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Hydrogen can be a UK success story

If we are serious about jobs, investment and UK-powered decarbonisation, then we must back hydrogen.

This piece has been co-authored by five union leaders: Roy Rickhuss, general secretary of Community; Gary Smith, general secretary of GMB; Mike Clancy, general secretary of Prospect; Christina McAnea, general secretary of Unison; and Sharon Graham, general secretary of Unite.

As the UK’s biggest energy unions, we are joining together to encourage Labour parliamentarians, candidates and local authority leaders to back ambitious action to grow the UK’s hydrogen economy by 2030.

Without hydrogen, we risk losing major businesses and the highly skilled jobs that come with them, and offshoring critical industry – as we have seen recently with the closing of the UK’s only remaining Haber-Bosch plant in Teesside, and the latest announcement between the government and Tata Steel on the future of Port Talbot steelworkers. This would be disastrous for the UK economy and the workers that sustain our vital industries.

We have all the component parts for the UK to be a global hydrogen success story – a world leading research and development sector, natural offshore and onshore geology for hydrogen storage and carbon dioxide sequestration, and plentiful wind. But, despite this, the hydrogen economy in the UK will not meet its full potential without bold political action at all levels.

We represent thousands of workers in the energy sector, and we back action now to grow the UK’s hydrogen economy. Hydrogen at scale will increase energy security while offering a potential solution to decarbonise critical industry like steel, heavy transport and heating buildings. We must do so in a way that sustains and creates high quality jobs, supporting economic growth in all parts of the country. Backing hydrogen will do exactly that. It will help to build GB Energy from the ground up, strengthen domestic supply chains and create well-paid, highly skilled jobs of the future, while making the UK a clean energy superpower.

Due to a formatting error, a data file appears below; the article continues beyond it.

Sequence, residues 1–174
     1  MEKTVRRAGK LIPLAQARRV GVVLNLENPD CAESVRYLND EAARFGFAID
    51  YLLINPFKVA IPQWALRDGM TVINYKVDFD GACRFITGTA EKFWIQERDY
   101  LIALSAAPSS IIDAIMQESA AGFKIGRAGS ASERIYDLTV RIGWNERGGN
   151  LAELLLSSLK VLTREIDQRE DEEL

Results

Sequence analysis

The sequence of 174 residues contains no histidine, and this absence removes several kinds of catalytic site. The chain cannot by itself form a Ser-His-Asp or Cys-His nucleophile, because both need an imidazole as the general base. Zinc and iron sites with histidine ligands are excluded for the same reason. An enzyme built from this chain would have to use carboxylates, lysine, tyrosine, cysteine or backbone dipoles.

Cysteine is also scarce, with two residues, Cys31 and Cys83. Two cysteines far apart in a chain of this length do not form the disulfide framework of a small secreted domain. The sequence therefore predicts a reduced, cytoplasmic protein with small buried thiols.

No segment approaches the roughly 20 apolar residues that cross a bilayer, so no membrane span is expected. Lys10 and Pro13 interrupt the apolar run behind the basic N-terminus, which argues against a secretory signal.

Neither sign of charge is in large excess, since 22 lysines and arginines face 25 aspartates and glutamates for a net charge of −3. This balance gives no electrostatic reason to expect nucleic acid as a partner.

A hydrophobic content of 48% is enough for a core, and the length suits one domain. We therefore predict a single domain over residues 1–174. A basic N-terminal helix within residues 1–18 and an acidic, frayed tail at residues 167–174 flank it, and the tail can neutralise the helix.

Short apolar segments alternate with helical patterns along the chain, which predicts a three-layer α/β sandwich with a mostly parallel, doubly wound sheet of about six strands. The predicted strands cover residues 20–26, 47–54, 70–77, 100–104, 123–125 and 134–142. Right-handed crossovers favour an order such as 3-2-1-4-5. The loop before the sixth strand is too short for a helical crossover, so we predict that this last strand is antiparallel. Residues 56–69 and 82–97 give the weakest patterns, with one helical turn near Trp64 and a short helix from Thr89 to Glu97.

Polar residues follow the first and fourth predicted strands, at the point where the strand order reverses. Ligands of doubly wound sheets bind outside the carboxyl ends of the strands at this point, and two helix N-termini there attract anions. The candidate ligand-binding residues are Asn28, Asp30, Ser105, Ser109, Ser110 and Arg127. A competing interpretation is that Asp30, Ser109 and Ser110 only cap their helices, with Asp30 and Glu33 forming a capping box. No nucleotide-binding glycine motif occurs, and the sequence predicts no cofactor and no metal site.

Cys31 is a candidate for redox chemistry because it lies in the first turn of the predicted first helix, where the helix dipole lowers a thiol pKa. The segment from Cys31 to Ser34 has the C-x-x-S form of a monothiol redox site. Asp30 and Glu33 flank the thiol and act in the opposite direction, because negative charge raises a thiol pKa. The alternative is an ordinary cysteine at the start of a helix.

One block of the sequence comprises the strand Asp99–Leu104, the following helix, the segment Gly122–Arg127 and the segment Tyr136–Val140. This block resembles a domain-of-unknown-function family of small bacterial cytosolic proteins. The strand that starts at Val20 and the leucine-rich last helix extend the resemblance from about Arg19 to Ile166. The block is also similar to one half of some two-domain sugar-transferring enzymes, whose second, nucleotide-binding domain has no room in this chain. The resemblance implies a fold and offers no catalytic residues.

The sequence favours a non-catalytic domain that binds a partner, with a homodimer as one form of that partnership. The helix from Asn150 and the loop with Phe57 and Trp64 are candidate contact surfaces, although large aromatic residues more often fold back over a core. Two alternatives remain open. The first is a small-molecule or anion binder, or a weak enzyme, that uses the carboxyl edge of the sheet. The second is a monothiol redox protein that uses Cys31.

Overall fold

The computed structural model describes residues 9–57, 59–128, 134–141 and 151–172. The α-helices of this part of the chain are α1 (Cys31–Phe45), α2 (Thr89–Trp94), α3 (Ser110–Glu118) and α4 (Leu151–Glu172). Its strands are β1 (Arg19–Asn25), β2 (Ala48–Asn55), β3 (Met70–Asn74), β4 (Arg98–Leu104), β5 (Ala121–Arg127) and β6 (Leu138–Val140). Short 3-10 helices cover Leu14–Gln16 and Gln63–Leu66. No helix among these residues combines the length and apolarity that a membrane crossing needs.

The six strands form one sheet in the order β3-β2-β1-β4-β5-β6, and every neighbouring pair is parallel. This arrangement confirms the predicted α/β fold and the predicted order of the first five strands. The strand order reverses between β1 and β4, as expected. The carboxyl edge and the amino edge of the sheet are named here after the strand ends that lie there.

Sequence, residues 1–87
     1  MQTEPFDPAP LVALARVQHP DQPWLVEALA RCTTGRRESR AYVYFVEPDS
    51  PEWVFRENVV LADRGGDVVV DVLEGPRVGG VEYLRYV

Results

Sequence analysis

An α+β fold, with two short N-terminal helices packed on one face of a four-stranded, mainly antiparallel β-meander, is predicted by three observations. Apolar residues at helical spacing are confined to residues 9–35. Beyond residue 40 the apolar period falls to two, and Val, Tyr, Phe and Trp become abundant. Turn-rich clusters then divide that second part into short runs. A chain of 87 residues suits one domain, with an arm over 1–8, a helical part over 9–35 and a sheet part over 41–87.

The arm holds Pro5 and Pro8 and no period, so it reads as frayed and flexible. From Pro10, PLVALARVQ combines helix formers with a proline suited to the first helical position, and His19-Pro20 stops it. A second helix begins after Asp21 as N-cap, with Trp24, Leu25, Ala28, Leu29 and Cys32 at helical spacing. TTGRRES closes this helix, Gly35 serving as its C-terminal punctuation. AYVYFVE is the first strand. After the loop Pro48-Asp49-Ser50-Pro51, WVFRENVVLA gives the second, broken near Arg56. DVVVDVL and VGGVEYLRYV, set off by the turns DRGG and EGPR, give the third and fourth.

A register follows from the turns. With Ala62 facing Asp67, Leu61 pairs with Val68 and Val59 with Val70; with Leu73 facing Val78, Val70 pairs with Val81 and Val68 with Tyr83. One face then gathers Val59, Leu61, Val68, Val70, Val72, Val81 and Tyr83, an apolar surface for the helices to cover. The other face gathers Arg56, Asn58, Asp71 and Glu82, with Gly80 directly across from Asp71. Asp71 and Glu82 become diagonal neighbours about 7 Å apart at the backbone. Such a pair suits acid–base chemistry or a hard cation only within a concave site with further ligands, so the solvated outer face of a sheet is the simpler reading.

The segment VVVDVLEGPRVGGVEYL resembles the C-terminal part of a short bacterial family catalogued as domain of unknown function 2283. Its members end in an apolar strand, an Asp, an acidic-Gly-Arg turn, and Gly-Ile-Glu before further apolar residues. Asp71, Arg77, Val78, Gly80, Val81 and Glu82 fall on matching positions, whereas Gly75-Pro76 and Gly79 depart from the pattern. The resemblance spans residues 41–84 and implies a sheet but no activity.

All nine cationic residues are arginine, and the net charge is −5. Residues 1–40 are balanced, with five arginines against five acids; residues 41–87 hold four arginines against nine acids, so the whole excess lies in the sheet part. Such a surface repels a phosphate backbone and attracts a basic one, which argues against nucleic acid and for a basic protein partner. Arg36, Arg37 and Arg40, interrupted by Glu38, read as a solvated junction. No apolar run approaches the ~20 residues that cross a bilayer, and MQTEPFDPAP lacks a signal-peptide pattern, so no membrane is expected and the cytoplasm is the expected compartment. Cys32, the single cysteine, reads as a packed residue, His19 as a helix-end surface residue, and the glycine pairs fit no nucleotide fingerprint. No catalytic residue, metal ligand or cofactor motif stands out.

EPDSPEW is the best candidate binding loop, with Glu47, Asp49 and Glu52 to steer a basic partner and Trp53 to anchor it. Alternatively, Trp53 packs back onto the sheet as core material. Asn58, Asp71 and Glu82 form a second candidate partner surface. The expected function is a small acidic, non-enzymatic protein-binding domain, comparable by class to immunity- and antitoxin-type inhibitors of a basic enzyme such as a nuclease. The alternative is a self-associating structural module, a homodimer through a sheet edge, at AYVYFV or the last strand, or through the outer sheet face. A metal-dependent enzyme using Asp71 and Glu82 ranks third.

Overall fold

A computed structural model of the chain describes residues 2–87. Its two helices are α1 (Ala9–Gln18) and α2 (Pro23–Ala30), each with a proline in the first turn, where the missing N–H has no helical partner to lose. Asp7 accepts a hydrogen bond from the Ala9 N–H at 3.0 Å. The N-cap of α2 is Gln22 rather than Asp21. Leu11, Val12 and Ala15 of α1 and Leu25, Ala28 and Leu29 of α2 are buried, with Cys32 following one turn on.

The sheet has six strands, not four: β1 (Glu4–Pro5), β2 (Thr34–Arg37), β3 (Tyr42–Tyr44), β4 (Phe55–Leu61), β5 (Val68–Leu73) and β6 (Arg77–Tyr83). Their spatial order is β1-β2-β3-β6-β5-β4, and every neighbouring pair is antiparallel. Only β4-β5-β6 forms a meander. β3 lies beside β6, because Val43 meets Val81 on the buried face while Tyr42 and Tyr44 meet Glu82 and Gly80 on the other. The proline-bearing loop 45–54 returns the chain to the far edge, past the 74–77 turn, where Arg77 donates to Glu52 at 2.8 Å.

[See also: The Research Brief: Winter is coming]

Today, at least half a million businesses rely on gas for their operations – keeping the furnaces burning in major steel plants and the kilns hot in the UK’s cement industry. For many of these businesses, decarbonisation through electricity is not an option, either because it simply cannot generate enough heat, or because the local grid infrastructure cannot handle the additional load. These businesses need choice, and for many hydrogen will be the best decarbonisation solution.

Rather than turning off our wind farms when there is too much wind – at an eye-watering cost of over £2bn per year – we could channel the electricity through UK-made electrolysers to produce “UK hydrogen” to fuel UK-made hydrogen buses, ships, planes and blast furnaces. And through carbon capture and storage we can utilise existing UK gas reserves to produce large quantities of hydrogen, in the transition to building up our green hydrogen capacity, unlocking opportunities to decarbonise vital industries like steel more quickly than global competitors.

Nations across the world are investing heavily to build a domestic hydrogen industry and the UK is falling behind. As Keir Starmer said when he launched Labour’s “Clean Energy Superpower” mission: “Some nation will win the race for new hydrogen power, why not us?”

The UK has much to gain if politicians take the bold decision to act now on hydrogen, but we are allowing others to storm ahead. We must not let this be a missed “Concorde” opportunity – where political inertia saw the UK withdraw from the newly formed Airbus consortium, only to rejoin later, with much-reduced global influence and a decade of missed public-private investment in aerospace development and manufacturing.

Hydrogen means jobs: jobs today, and jobs tomorrow. And not any old jobs. It means high-quality, well-paid, unionised jobs across the UK in Labour’s industrial heartlands, in energy, manufacturing and across the wider supply chain.

The sooner we act, the bigger share of the global hydrogen industry we will secure. If we are serious about jobs, investment and UK-powered decarbonisation of towns and cities across the country, then backing hydrogen is a no-brainer.

To be in with a chance of winning this race, we need Labour parliamentarians, candidates and local authority leaders to act. This does not need to be a Westminster-only led charge and will be all the stronger for ground-up, Labour-led, UK-wide action.

[See also: Labour should go big and get on with green investment]